The 2016 EFPC conference in Riga was again a success. With 145 participants it was well attended and the strength of the conference was in the content and discussions.
Most of all other presentations of the parallel sessions can also be found at the conference Programme webpage


The 2016 EFPC conference will be in Riga from 4 to 6 September with the title: Crosscutting Informal Care and Professional Primary Care”.
Scope: How to make sure that informal carers at community level will feel supported, surrounded and even integrated with professional Primary Care in such a way that the best possible care can be provided for those elderly or chronic patients. 

Health systems will not automatically gravitate towards greater fairness and efficiency. This world will not become a fair place for health all by itself. Deliberate policy decisions are needed. It requires appropriate conditions at the health care system level and in actual practice to make primary care providers able and willing to take responsibility for the health of the population under their care. The EU Health Commissioner defined the challenges as follow: we need to ensure the cost-effectiveness and sustainability of health systems and call for concrete reforms to optimize the hospital sector, strengthen primary care and rationalize pharmaceutical spending.

There is a need for a policy shift from separation to integration of services in order to tackle the complex social and health problems experienced by vulnerable populations. In order to enable these people to maintain stability and encourage independency and employment, access to stable services that suit their complex needs must be ensured.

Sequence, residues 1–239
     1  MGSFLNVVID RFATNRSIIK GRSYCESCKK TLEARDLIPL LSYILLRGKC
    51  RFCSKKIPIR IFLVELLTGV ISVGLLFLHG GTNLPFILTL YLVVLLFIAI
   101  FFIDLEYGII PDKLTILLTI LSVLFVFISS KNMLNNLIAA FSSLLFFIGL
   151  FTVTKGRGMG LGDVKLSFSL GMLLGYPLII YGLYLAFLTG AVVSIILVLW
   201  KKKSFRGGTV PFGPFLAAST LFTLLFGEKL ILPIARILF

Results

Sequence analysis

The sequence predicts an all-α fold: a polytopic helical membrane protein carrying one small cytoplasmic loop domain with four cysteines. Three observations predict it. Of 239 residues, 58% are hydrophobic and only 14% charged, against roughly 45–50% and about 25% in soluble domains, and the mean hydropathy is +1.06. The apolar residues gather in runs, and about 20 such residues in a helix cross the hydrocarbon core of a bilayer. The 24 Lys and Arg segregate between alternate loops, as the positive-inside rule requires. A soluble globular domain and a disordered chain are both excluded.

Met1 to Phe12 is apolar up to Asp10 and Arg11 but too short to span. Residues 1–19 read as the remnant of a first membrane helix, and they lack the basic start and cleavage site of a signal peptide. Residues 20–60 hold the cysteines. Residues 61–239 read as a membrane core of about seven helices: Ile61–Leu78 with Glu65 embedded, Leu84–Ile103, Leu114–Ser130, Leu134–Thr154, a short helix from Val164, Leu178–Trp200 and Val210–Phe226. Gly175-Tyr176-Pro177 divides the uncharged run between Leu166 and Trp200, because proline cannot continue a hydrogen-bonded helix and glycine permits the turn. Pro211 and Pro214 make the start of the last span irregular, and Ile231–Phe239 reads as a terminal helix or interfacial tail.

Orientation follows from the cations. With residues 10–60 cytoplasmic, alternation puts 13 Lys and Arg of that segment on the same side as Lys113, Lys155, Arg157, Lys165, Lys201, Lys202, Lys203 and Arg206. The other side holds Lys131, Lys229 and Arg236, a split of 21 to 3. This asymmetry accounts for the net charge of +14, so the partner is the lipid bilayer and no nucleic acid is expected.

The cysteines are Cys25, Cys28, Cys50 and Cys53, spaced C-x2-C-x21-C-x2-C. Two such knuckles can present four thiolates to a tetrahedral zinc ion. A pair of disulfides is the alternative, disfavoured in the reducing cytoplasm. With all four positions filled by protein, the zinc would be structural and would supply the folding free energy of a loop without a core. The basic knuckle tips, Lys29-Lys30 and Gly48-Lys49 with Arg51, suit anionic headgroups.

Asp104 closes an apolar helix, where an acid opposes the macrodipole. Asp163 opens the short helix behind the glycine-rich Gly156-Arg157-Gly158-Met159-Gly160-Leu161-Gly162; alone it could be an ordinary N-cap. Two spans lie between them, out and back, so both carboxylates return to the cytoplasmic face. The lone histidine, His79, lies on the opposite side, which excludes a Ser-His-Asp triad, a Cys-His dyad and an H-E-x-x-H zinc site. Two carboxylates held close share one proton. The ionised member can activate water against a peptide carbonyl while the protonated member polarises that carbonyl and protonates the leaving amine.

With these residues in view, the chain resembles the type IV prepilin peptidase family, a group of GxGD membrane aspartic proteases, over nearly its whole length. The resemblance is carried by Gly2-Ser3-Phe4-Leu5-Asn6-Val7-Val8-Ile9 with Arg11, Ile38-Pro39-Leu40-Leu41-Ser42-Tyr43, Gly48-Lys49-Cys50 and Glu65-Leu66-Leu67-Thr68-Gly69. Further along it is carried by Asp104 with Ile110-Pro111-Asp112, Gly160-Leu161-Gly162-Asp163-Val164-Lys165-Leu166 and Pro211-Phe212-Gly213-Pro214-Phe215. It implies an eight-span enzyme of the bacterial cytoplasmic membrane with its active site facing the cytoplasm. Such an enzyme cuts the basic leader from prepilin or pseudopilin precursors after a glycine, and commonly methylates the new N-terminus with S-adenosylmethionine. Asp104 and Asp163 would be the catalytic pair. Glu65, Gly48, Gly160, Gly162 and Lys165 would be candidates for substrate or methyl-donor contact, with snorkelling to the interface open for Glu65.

Fragmentation is often the result of organisations, professionals, carers and services operating independently of each other, with adverse consequences for service users. Often, a comprehensive set of changes in the health care delivery is needed to firstly improve coordination of care with a special focus on addressing the rising burden of Chronic Diseases, the ageing population and the high prevalence of comorbidity. Secondly, in acknowledging the specific needs of the individual, people centeredness and patient empowerment are key in this approach. Much of the focus on fighting fragmentation has tended to be on structures and governance. This is, however, only one aspect; process and cultural changes are likely to be at least as important.

Integrated primary care with the involvement of the informal carer as a hub for person-centred health systems with ensured continuity. The conference organizers emphasize that the key players in primary care like medical doctors, nurses (general and more specialized), pharmacists, dieticians, physiotherapists and social workers will connect with informal carers on the above mentioned dimensions.

The limited empirical evidence-base for, and the absence of tools for, measurement and comparison of involving informal carers remain a significant barrier for the evaluation and implementation of these policies. The conference organizers recognize the need for comparative analysis at an international level to assist stakeholders and policymakers to prepare for future challenges. It calls upon all researchers from the different professions to share their results in providing the evidence which is needed to develop further progress and nurture the policy discussion.

The conference will provide an opportunity for the health service delivery system to interact and exchange useful information and lessons learnt. The conference will therefore build upon the individual capacities and knowledge of informal carers, pharmacists, patients/citizens, GPs, hospitals, nurses and health insurers, to increase their understanding.

The Riga conference will enable participants to identify, define and appreciate the significance of questions -ranging from policy to organization, management and clinical care – which are likely to determine the future of primary care in Europe.